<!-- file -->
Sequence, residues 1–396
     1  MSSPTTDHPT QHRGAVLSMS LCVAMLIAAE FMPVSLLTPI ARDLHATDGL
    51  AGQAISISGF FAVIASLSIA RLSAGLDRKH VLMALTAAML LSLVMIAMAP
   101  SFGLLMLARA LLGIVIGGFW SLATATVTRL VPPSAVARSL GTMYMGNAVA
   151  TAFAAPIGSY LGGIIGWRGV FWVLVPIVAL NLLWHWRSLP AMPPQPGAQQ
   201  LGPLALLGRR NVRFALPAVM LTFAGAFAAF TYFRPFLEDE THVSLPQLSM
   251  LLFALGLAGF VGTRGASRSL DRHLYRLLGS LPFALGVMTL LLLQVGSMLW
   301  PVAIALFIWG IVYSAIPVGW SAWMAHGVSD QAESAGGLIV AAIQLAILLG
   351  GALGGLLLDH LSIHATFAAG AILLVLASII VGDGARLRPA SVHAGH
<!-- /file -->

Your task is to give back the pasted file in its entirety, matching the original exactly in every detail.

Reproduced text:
Sequence, residues 1–396
     1  MSSPTTDHPT QHRGAVLSMS LCVAMLIAAE FMPVSLLTPI ARDLHATDGL
    51  AGQAISISGF FAVIASLSIA RLSAGLDRKH VLMALTAAML LSLVMIAMAP
   101  SFGLLMLARA LLGIVIGGFW SLATATVTRL VPPSAVARSL GTMYMGNAVA
   151  TAFAAPIGSY LGGIIGWRGV FWVLVPIVAL NLLWHWRSLP AMPPQPGAQQ
   201  LGPLALLGRR NVRFALPAVM LTFAGAFAAF TYFRPFLEDE THVSLPQLSM
   251  LLFALGLAGF VGTRGASRSL DRHLYRLLGS LPFALGVMTL LLLQVGSMLW
   301  PVAIALFIWG IVYSAIPVGW SAWMAHGVSD QAESAGGLIV AAIQLAILLG
   351  GALGGLLLDH LSIHATFAAG AILLVLASII VGDGARLRPA SVHAGH